If you are new to the concept of environmental justice, start here: Environmental justice is defined as the “fair treatment and meaningful involvement of all people regardless of race, color, national origin, or income with respect to the development, implementation and enforcement of environmental laws, regulations and policies” (EPA, 2022). Essentially, it recognizes that every human or non-human deserves to coexist safely without the threat of toxins creating disproportionate impact. Environmental justice issues affect communities throughout the world differently—from the Flint Water Crisis in 2014 to the Australia Wildfires in 2020—and the Global Climate Strike in 2021 showed us that climate concern is universal.
For me, environmental justice creates pathways to discuss and understand the experiences of people we may not agree with, understand or know. For this mission, we must unearth the ways systems of oppression hinder us from creating a just society. Environmental justice matters because businesses have an inherent social responsibility to contribute resources to marginalized populations. And committing to environmental justice is not just good practice, it’s good business: In a 2018 poll by Sustainable Brands, 90% of Gen Z consumers believe companies must take action on social and environmental issues, and 72% factor in a company’s Purpose when shopping.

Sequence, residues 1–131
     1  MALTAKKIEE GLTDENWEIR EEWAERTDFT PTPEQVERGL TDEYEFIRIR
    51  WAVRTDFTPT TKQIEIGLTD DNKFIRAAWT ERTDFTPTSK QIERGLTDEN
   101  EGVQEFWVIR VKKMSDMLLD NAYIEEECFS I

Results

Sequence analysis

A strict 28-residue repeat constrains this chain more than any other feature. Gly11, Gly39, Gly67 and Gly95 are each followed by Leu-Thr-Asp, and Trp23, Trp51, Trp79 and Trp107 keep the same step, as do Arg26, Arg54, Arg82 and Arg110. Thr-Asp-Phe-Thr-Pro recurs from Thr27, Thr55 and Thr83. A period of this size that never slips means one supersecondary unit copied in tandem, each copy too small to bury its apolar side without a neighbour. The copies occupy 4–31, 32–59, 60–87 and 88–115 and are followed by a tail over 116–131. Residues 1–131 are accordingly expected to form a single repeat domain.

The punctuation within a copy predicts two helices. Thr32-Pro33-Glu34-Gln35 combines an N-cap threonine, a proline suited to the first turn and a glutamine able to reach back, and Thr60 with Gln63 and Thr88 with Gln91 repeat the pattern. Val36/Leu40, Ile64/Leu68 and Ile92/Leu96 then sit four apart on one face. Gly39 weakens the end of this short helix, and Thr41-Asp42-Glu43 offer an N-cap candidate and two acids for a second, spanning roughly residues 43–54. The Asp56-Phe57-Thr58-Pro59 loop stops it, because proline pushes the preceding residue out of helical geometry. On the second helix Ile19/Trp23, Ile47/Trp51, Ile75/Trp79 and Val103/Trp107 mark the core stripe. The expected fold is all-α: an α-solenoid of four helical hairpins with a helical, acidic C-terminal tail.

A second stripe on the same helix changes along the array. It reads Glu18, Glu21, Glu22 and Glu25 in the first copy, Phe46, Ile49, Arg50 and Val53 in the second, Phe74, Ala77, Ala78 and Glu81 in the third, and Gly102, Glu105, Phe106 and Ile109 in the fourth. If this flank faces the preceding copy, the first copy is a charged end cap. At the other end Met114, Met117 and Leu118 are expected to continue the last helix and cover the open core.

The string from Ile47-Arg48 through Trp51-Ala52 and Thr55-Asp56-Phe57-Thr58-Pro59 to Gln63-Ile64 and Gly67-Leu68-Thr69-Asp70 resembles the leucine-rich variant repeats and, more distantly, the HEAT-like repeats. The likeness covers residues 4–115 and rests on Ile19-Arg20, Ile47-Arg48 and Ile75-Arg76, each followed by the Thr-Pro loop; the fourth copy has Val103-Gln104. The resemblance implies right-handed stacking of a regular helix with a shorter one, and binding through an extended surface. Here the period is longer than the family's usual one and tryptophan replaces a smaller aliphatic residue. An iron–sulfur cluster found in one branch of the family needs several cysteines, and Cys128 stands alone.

From my experience, the institutions and systems we have in place today are anything but fair to people from historically marginalized communities. And while I believe corporations are interested in supporting those communities, the lack of understanding of intersectionality, the lack of diversity on boards and at the C-suite level, and the generational wealth imbalance (and the racial wealth gap) forces us to ask: How can companies help solve a problem without clarity of the problem? Here are three ways companies can begin to understand environmental justice and support the movement: